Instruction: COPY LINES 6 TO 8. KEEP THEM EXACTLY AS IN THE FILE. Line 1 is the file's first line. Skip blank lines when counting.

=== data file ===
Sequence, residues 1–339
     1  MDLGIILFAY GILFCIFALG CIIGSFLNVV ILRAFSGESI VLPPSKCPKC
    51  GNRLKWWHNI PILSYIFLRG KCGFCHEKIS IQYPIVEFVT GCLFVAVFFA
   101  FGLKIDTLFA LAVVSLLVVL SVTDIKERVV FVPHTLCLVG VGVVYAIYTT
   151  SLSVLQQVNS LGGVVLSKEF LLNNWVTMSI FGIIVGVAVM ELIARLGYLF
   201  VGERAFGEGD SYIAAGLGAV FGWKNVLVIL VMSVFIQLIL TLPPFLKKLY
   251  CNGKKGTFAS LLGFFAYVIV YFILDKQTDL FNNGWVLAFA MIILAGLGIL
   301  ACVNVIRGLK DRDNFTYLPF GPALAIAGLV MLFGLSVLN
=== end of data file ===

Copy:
   201  VGERAFGEGD SYIAAGLGAV FGWKNVLVIL VMSVFIQLIL TLPPFLKKLY
   251  CNGKKGTFAS LLGFFAYVIV YFILDKQTDL FNNGWVLAFA MIILAGLGIL
   301  ACVNVIRGLK DRDNFTYLPF GPALAIAGLV MLFGLSVLN